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Dinapama supports SMEs to boost economic growth

2021-11-17  Maihapa Ndjavera

Dinapama supports SMEs to boost economic growth
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Dinapama Manufacturing and Supplies is a 100% Namibian-owned garment manufacturer which masters designed clothing and bag manufacturing of all shapes and sizes. 

According to Sylvia Kapena, Senior Sales and Marketing Officer, the company manufactures a wide range of items, including school uniforms, personal protective clothing, corporate wear, sportswear, casual wear, hats and bags.

Dinapama was officially registered in 2009, and operations started in 2010 with a workforce of seven people and five machines at the Wanaheda municipal stalls. Soon afterwards, the workforce increased to over 20 employees. This business has grown in leaps and bounds, and today employs over 380 people currently at their premises in Windhoek’s Northern Industrial area. 

As a rapidly-growing company, Dinapama was been awarded the NMA (Namibia Manufacturers Association) Medium Manufacturer Gold Award in 2015. In March 2017, it also received a PMR Africa Award for the outstanding first overall Clothing Manufacturer Diamond Arrow 2016.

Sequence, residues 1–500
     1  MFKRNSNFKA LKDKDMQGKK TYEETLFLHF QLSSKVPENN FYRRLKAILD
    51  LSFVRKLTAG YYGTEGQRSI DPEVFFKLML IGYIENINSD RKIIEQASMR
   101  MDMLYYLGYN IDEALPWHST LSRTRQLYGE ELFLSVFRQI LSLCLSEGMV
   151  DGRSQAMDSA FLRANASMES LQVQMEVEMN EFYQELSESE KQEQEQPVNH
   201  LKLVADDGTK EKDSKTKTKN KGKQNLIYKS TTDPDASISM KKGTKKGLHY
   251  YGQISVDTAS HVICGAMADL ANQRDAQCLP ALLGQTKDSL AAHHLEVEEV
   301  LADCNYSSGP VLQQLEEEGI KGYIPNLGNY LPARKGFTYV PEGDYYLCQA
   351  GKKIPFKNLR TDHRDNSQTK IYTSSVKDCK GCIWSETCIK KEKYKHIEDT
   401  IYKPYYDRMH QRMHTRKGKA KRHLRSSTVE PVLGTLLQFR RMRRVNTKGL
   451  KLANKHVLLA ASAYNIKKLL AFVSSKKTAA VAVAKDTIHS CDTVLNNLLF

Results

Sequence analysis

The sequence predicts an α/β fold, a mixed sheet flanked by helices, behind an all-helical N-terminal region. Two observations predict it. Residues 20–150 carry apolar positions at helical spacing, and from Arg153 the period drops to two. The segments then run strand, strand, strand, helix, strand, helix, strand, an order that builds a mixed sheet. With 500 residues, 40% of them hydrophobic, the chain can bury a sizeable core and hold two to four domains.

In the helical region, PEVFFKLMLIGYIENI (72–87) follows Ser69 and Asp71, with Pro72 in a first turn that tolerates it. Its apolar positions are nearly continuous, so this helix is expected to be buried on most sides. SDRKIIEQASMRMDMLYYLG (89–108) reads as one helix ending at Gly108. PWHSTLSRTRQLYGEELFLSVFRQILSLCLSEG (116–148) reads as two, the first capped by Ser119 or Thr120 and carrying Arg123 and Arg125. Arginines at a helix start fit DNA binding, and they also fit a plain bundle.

Kapena noted that they import their raw materials from countries like India, Indonesia, China and South Africa.

“Finished products are sold all over Namibia as well as to a few Southern African Development Community (SADC) countries like Angola, Zambia, Zimbabwe and South Africa,” she stated.

The company’s dream is to penetrate the European and American markets. Kapena added that dealing with skills’ transfer at Dinapama is one of the highly respected areas which is handled through innovation and in-house training. “We want to aggressively supply the entire African market before we move on to other parts of the world. Namibia as a nation needs such a move to industrialise and meet the targets in achieving Vision 2030, the National Development Plans (NDPs) and the Growth at Home Strategy”, she explained. 

Due to the effects of Covid-19, Kapena said the company was negatively affected through global supply chain disruptions, which took a bite out of anticipated revenue.

“The pandemic affected us through limited imports of raw materials which are used for product manufacturing. These factors caused a delay in production and decreased revenue generated due to the limited buying power, which was exacerbated by the closure of schools. Price fluctuations on raw materials also impacted us significantly,” she
indicated.  

Furthermore, some other challenges in the manufacturing environment also play a major role, such as the importation of raw materials and the local limited buying power, which makes it difficult to penetrate the market.  In an effort to grow the industry, Dinapama has trained a number of Small and Medium Enterprises (SMEs) to enable them to support economic growth. This support stems from their belief that no single company can solve the country’s economic challenges alone. It is for this reason that Dinapama has undertaken to develop as many SMEs as possible to boost the domestic economy. 


2021-11-17  Maihapa Ndjavera

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